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How to Test and Repair your EVAP Valve

Ready to test and repair your EVAP Valve?

EVAP valveThe purge valve is a common failure item on the Volvo 850/x70 series. This is a great how-to with easy-to-follow pictures for a fix to avoid buying a new valve.

I have adapted this from my original tutorial for the BMW M30 engines. They both use Bosch systems and the valve is identical. What happens is that at startup the valve stays open to draw fumes caught in the charcoal canister. The fumes are there because they evaporate from the fuel tank. This is why your gas cap is usually checked at emissions inspections and why the manual says you may have a temporary check engine light when you fill up with the car on. The only place evaporating gas can go is the charcoal canister which is then pulled into the intake at startup.

This is pretty much always the P0455 code.

Read the rest of this fine tutorial w/ photos: How to test and repair your EVAP valve

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Anonymous User says:

2002 V70XC.
A couple of years ago got an intermittent “Check Engine” light going on and off while driving. The dealer told it was EVAP code, whatever it was, and suggested replacing J hose, the purge valve, & the canister, and possibly the pump, at the cost close to $2k. I decided I can drive it with the light on, and kept driving it without repairs.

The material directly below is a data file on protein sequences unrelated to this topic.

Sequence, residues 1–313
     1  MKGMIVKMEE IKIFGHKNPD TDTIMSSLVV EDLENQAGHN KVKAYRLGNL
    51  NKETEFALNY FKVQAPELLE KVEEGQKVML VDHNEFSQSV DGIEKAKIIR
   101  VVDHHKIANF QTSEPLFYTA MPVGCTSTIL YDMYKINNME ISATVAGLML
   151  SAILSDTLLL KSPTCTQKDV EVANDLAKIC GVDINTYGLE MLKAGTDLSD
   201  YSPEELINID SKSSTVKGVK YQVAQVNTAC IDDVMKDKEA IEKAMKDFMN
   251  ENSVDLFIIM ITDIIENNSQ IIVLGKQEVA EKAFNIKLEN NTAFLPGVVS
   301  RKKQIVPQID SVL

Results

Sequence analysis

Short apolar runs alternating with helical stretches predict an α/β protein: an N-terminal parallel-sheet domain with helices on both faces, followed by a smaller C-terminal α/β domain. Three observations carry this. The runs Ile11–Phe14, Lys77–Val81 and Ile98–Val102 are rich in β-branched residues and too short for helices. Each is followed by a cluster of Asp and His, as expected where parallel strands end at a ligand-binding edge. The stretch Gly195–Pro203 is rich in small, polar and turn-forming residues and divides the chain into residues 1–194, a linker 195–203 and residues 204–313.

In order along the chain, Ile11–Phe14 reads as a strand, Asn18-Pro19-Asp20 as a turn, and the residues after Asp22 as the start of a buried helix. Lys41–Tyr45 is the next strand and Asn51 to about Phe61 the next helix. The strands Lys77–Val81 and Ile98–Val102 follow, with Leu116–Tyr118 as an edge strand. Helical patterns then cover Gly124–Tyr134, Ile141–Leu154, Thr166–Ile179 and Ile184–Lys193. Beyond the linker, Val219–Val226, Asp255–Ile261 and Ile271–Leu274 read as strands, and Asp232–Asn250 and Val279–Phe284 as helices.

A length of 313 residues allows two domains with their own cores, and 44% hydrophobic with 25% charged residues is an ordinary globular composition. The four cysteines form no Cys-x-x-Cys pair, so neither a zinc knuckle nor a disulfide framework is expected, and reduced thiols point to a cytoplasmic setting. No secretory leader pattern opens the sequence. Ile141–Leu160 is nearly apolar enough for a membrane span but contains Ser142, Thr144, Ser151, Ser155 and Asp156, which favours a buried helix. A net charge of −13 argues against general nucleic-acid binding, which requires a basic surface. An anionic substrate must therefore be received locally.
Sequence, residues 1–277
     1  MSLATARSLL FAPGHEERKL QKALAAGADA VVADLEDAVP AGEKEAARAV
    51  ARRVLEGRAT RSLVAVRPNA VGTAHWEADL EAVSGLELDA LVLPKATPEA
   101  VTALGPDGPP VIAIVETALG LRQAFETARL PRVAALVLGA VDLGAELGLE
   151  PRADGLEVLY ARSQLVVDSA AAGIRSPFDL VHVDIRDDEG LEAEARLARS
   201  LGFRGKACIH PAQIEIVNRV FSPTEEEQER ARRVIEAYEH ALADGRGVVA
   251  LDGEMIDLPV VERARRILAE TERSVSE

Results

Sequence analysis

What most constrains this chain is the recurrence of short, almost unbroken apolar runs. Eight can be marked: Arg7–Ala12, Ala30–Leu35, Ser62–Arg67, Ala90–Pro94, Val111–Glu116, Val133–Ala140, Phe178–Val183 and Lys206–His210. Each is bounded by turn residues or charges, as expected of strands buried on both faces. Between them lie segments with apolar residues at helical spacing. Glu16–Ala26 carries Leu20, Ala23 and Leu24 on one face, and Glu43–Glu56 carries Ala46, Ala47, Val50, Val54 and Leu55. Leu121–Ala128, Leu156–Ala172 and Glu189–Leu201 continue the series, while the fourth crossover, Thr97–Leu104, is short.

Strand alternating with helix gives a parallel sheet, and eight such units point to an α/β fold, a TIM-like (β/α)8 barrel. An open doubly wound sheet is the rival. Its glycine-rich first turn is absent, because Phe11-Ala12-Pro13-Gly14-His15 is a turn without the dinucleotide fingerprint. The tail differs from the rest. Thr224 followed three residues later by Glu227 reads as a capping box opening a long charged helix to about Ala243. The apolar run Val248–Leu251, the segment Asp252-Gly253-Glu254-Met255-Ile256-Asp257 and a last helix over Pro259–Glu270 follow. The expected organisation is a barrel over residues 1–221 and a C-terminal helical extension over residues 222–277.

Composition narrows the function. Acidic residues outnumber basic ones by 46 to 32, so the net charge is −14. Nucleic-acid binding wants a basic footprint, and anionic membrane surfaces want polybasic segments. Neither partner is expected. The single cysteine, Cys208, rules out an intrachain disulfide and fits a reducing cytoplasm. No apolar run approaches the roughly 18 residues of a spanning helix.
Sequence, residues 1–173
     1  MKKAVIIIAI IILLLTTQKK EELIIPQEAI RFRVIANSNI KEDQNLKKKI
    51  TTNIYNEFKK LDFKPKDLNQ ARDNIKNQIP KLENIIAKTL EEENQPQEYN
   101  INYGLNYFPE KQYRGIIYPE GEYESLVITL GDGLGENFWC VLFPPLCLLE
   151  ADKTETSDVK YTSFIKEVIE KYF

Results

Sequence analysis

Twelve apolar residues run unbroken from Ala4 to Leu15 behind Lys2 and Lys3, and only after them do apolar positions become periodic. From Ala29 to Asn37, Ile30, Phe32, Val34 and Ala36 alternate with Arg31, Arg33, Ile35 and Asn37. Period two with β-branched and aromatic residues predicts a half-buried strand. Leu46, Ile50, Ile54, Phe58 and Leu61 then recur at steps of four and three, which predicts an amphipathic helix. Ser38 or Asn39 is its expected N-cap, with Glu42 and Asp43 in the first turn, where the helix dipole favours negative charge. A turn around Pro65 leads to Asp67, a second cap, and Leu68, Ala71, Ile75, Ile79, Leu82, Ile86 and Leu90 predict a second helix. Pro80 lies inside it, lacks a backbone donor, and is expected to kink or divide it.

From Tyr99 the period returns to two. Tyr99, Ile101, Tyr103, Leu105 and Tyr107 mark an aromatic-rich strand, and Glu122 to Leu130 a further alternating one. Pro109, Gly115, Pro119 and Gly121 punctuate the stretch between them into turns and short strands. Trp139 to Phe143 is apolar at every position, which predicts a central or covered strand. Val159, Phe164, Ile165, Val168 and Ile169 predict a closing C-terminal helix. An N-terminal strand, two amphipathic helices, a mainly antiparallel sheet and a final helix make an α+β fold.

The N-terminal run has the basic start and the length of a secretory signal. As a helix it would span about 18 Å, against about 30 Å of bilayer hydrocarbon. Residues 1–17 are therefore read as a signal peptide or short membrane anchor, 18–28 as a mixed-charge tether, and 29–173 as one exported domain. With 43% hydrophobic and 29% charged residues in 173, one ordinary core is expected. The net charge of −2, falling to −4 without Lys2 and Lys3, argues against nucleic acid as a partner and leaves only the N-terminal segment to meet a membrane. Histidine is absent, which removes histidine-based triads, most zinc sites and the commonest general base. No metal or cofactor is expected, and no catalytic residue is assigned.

At about same time I began hearing a slight hissing sound under the dash. Over time, the sound got stronger, and brake pedal got stiffer. The same dealer told me it’s brake booster, some $600 part, not even counting work. They refused to replace just the seal. So I went to a corner gas station, and they agreed to replace that $30 seal. As an added benefit, EVAP codes are gone, no more “Check Engine”.

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